LONDON — The speeches have been made, the analysis papers written and debated, and both sides have stumped their hearts out. Now it’s time for Scotland to decide.
Voters Thursday will choose whether Scotland continues its union with England that has endured more than 300 years or forge into full independence, becoming the 31st country formed since World War II.
On his final visit to Scotland before the historic referendum, British Prime Minister David Cameron addressed supporters of his Conservative Party in Aberdeen, the epicenter of Scotland’s $36 billion oil industry.
“Independence would not be a trial separation,” Cameron said there this week, his voice at times full of emotion. “It would be a painful divorce.”
Cameron could go down in history as presiding over the loss of one-third of the United Kingdom’s land mass, 8% of its population, about 10% of its tax revenue and an incalculable amount of cultural and intellectual capital.
“I speak for millions of people across England, Wales and Northern Ireland, and many in Scotland, too, who would be utterly heartbroken by the breakup of our United Kingdom,” he said.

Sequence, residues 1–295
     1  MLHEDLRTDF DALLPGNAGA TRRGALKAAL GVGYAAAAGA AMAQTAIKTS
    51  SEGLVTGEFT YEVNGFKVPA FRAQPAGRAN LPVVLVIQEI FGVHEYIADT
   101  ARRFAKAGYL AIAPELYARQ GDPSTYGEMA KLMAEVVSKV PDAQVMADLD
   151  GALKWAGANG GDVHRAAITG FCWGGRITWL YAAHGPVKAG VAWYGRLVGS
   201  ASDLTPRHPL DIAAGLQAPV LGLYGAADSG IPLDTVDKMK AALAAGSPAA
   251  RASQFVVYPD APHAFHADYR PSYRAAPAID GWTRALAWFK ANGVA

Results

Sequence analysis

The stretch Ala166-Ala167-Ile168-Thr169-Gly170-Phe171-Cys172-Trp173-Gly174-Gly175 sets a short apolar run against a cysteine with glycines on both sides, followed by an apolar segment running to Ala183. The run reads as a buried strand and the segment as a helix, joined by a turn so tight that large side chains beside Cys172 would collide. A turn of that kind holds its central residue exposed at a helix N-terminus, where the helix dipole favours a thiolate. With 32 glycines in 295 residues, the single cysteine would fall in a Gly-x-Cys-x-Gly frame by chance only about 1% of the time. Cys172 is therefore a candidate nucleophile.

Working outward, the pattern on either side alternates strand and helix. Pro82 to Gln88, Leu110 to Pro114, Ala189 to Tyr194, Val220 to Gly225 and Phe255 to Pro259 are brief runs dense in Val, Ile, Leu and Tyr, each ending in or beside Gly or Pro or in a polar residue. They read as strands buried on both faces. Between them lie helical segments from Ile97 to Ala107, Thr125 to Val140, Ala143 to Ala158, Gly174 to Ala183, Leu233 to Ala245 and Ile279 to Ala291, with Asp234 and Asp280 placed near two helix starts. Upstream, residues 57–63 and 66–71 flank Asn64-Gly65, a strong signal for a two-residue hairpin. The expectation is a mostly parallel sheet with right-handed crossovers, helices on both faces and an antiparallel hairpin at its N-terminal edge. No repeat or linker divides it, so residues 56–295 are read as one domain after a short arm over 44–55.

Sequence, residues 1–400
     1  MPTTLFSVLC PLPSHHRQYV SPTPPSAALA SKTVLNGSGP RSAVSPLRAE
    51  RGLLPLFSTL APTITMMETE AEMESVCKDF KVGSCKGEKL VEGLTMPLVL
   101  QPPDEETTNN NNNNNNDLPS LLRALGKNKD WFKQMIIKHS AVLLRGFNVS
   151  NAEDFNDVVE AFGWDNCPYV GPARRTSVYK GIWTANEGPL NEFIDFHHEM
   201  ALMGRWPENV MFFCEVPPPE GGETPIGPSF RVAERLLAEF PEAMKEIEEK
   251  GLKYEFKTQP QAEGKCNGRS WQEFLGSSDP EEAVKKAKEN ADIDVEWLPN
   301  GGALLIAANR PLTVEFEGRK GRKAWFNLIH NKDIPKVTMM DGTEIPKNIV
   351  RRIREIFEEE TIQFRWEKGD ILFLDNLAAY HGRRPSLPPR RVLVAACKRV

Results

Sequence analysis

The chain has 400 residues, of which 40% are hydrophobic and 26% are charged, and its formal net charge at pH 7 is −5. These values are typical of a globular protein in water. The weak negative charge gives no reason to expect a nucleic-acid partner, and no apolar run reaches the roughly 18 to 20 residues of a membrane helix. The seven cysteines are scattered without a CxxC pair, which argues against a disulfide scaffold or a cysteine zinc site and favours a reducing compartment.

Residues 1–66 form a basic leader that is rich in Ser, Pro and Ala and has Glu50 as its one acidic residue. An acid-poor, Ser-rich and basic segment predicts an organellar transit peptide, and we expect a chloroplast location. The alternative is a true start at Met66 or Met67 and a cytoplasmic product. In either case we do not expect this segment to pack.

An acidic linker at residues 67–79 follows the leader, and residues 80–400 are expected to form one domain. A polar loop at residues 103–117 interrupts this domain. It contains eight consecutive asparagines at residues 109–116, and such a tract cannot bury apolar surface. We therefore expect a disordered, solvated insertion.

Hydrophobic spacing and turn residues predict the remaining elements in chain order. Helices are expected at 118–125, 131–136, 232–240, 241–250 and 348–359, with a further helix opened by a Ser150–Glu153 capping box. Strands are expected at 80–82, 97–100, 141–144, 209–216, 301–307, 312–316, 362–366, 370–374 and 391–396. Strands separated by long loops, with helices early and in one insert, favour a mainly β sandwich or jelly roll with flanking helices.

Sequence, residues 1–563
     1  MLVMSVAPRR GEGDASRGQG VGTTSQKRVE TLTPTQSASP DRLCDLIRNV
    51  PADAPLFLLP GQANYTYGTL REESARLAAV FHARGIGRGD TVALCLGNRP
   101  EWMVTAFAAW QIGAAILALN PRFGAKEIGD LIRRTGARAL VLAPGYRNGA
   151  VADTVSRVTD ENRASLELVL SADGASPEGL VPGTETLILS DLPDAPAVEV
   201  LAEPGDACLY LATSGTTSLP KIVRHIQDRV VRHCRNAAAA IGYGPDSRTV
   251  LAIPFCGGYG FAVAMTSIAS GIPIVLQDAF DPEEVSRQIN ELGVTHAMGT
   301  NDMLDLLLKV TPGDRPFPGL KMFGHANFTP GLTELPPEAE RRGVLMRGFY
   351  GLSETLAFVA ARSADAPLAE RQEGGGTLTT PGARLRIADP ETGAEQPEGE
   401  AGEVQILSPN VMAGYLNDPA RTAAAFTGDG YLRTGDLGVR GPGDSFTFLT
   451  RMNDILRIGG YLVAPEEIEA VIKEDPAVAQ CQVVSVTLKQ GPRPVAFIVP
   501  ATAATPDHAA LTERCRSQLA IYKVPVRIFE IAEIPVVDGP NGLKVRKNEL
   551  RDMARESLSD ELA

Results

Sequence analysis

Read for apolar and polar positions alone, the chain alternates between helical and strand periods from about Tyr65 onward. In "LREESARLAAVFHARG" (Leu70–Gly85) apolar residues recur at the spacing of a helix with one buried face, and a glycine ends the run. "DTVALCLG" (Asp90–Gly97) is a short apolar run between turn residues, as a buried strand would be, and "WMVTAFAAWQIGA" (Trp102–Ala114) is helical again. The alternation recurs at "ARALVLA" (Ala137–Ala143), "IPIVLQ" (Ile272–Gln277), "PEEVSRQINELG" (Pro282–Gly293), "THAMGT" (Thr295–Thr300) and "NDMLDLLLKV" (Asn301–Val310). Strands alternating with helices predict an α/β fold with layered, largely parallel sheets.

In the book How the Scots Invented the Modern World, the American author and historian Arthur Herman wrote about the disproportionate role played by tiny Scotland — population 5.3 million — in shaping the modern era, from markets to politics to science. With the vote three days away, polling shows the balloting is too close to call.
Queen Elizabeth, President Obama, Pope Francis, the Bank of England, the European Union and even Harry Potter author J.K. Rowling have urged caution against seceding from England, Wales and Northern Ireland. On Monday, the Organization for Economic Cooperation and Development cited Scotland’s potential independence as one of a number of geopolitical risks that may affect global growth. Read More: http://www.usatoday.com/story/news/world/2014/09/16/scotland-independence-campaign-final-stretch/15705717/
Why would the Bank of England, the equivalent of the USA Federal Reserve, be against it? Central Banks are private banks that are given a monopoly on manufacturing money by the government. A rather appealing business, morals aside. This is a threat to the size of the monopoly, for the Bank of England.
For more info: http://en.wikipedia.org/wiki/Scottish_independence